You may be interested to know that in 2002, I first read forecasts of the global lending bubble’s deflation. In early 2003, I first published explicit warnings with detailed explanations of the warnings. When the developments that I had been warning about first manifested in prices of isolated markets- such as in US sales of new homes only, or of overall residential real estate prices in Phoenix and Las Vegas, or of the housing sector of the US stock market- I had been monitoring those prices. I published alerts in mid-2005 that my prior warnings were now in the process of fulfillment.

In my published financial commentaries of 2004 and 2005, I had focused more and more on oil. I eventually specified rising oil pricing as the factor which would trigger a contraction in the economy of the US (and of the UK, EU, and so on). By 2008, oil prices had risen over 1200% in 9 years. However, in less than a year, oil prices plunged over 75%.

What happened? Simply, the bubble economies of the industrialized west were no longer able to support rocketing oil prices. The stock markets that had peaked in 2007 crashed in 2008- just as I had forecast- right after oil prices peaked and collapsed (along with other commodities, like silver, which fell “only” 60%).

Then, in early 2009, when most market stock market investors were getting nervous, I forecast a multi-month rally in stocks (as well as commodities) which would prompt a return of confidence to stock market investors- even more confidence than the tremendous concentration of blind confidence in 2007, right before the biggest drop in global stock prices in recent history.

Consider that confidence isn’t everything. (Timing might be, though.)
Thousands of once confident ex-millionaires in Phoenix have been enriching certain investors with unprecedented transfers of wealth. Who are you going to be?

“There is a tide in the affairs of men, which, when taken at the flood, leads on to fortune.” William Shakespeare, around 1599, in Julius Caesar, Act 4, scene 3.

January 11, 2010.

Gas prices in San Diego.  OMG!

Gas prices in San Diego. OMG! (Photo credit: slworking2)

3 Responses to “timing: is it everything?”

  1. Judy Osmundson Says:

    Do you have bright ideas about a new economical model? They should be brought forth. As you say, it seems we should be talking about real worth, and real cost, not affected by inflation due to lack in any area. Do, do, do this. This would be a wonderful mission for you! ;))

  2. jrfibonacci Says:

    Judy, consider that from a legal standpoint ownership is a fluid principle.
    You may have heard something like “possession is 90% of the law.” Well, says who- and what about the other 10%?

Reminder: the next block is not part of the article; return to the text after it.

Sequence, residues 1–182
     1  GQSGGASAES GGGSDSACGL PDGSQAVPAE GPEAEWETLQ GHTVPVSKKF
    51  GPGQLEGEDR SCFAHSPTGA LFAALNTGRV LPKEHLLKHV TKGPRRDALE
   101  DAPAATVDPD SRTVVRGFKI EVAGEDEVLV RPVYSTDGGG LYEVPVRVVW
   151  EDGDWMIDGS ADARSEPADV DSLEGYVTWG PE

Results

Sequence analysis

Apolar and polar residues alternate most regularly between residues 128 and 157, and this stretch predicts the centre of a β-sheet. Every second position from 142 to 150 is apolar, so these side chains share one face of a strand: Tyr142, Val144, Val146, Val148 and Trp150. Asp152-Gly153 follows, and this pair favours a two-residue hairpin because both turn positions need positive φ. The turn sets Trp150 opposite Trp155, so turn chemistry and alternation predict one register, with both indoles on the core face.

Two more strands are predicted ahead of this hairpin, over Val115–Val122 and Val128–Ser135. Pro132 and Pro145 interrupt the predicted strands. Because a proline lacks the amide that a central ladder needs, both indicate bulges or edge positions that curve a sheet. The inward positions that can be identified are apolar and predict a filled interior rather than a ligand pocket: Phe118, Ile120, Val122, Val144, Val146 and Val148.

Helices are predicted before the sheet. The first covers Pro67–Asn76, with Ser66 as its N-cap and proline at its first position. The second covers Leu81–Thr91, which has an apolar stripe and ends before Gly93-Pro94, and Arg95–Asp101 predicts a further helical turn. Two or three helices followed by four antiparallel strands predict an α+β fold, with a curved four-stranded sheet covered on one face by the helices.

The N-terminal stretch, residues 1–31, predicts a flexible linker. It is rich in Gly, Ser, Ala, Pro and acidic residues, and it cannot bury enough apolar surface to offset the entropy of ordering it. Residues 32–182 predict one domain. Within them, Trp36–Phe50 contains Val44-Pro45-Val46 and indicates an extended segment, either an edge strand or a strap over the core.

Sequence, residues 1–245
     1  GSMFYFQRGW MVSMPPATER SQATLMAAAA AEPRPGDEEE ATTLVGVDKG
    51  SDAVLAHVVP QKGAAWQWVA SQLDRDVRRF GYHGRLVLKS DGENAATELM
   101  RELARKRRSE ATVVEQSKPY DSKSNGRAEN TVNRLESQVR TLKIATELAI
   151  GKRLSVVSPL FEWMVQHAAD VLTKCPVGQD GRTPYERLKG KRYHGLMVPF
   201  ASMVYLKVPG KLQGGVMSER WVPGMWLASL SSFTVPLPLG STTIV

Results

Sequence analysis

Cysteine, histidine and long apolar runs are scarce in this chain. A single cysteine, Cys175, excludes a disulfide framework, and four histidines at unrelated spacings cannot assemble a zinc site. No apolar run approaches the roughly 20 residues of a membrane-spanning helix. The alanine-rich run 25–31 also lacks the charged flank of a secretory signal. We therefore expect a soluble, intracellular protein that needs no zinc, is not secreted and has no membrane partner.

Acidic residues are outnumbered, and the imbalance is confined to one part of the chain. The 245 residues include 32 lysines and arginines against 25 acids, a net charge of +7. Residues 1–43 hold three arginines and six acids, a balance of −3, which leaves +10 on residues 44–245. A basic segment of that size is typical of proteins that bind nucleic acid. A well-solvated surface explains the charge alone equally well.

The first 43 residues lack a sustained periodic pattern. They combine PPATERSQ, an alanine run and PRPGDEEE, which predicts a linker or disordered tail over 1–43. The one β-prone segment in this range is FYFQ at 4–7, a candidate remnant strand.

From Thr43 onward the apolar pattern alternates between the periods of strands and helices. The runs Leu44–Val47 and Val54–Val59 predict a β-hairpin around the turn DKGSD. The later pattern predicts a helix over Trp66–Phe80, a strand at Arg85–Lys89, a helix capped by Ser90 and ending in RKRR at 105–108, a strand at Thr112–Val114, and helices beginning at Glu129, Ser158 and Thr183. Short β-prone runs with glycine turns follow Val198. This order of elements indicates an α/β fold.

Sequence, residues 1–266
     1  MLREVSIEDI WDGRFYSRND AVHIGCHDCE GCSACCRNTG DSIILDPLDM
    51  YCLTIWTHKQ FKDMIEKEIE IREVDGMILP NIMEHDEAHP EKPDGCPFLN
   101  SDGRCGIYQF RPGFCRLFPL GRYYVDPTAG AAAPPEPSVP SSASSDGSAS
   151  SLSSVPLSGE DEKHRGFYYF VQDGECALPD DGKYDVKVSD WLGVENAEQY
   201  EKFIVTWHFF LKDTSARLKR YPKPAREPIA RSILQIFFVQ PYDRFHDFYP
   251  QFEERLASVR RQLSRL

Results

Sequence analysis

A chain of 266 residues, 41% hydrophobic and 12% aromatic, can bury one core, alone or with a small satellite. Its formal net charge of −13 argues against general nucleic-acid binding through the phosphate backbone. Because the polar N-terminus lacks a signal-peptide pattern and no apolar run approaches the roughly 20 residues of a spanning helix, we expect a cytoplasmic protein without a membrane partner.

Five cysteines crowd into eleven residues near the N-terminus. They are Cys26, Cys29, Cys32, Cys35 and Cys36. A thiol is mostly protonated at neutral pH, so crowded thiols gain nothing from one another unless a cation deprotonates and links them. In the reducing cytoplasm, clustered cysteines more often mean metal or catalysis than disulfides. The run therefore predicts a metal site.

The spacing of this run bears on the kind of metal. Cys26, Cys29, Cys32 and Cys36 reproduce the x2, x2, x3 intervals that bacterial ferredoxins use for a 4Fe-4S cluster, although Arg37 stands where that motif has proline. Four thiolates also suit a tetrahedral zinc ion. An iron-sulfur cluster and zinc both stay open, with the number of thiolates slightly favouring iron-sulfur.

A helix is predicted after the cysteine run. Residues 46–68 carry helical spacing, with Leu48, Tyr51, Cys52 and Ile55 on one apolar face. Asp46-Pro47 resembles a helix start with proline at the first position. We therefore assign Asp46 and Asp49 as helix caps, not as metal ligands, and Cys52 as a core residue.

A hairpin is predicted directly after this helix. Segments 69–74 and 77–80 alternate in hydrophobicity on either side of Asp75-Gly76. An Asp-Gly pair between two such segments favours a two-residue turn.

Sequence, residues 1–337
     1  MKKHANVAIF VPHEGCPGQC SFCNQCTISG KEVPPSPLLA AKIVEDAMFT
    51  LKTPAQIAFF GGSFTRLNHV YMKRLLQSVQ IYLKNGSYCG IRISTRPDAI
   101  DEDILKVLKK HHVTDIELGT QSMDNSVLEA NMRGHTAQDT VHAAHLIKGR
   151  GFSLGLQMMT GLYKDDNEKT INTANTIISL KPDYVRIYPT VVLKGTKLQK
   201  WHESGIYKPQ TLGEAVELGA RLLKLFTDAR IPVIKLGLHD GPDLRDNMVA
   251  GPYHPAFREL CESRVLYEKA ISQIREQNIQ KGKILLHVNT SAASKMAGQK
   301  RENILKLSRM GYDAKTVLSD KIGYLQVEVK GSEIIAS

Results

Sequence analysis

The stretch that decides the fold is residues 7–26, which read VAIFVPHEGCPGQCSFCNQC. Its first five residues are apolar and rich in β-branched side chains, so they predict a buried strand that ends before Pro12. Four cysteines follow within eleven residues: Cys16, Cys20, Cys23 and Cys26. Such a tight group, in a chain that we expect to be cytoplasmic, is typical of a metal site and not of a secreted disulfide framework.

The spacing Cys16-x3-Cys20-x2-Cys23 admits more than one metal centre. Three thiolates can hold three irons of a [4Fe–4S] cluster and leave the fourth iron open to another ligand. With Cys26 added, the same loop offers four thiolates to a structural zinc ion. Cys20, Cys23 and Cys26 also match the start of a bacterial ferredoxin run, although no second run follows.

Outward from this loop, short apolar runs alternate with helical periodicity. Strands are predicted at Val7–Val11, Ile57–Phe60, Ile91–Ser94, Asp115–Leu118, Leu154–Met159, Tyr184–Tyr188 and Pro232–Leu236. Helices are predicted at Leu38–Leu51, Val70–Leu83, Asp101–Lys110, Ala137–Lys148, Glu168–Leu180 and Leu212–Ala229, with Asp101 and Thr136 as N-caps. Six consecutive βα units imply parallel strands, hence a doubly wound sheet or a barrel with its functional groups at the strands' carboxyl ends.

Further, like law, accounting is an art, not a science- a tool yes but an imperfect tool. Inflation is entirely a phenomenon of currency, and currency is an excellent tool for accounting, among other things, but that may be about it.

    For instance, worth is not an objective fact. An ounce of gold is not objectively worth 15 ounces of silver or ten cords of wood. Those ratios are established not by eternal mandate (or some holy ink in an infallible constitution), but by the choices of certain individual humans in a variety of circumstances, with some valuing this way and some valuing that- even the same person at different times- say with firewood tending to be more valuable in winter, right?

    It is the language and comprehension of people that is at issue, not the economy of the earth or the human body and so on. Economy is a state of nature. The varieties of language we may use about the natural economy of life, as well as how we interact with it, is also a fluid development.

    The economic model of the Austrian Economics school, as well as the model of socionomics, are what I have used to accurately predict and describe the phenomena of economic change in the last few years- changes that surprised so many people. The models that others are using may be obsolete, at best. But before we go making new models, let us acknowledge whether there are old models that quite specifically describe in advance the patterns of human action that we know as economics.

    I think what you may be requesting, Judy, is a new social order and/or political model that fits with a sustainable model of economics, such as the Austrian economics model (which is not Austrian for being dominant in Austria, but for being spread in Austria among economists, I think first in the early 20th century). So, be assured that a new social and political order is being brought forth, as well as a new prominence to certain patterns of human language.

    How will the new social and political order develop? It may develop from a redistribution of attention away from models and so-called leaders that breed the experience of confusion and surprise… and toward what nourishes clarity, courage, prudence and prosperity. This is as it has always been.

  3. Judy Osmundson Says:

    JR, those who can steer us to it, will serve us well! It should be relatively painless and fill in where there is a void… :))